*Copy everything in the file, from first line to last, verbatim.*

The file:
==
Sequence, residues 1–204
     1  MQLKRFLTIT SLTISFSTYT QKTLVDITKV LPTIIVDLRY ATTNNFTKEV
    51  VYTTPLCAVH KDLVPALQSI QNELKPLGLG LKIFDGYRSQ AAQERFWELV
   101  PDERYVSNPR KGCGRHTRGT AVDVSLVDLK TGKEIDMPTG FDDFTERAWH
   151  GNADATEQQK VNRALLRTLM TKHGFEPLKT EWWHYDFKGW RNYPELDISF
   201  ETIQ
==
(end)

Sequence, residues 1–204
     1  MQLKRFLTIT SLTISFSTYT QKTLVDITKV LPTIIVDLRY ATTNNFTKEV
    51  VYTTPLCAVH KDLVPALQSI QNELKPLGLG LKIFDGYRSQ AAQERFWELV
   101  PDERYVSNPR KGCGRHTRGT AVDVSLVDLK TGKEIDMPTG FDDFTERAWH
   151  GNADATEQQK VNRALLRTLM TKHGFEPLKT EWWHYDFKGW RNYPELDISF
   201  ETIQ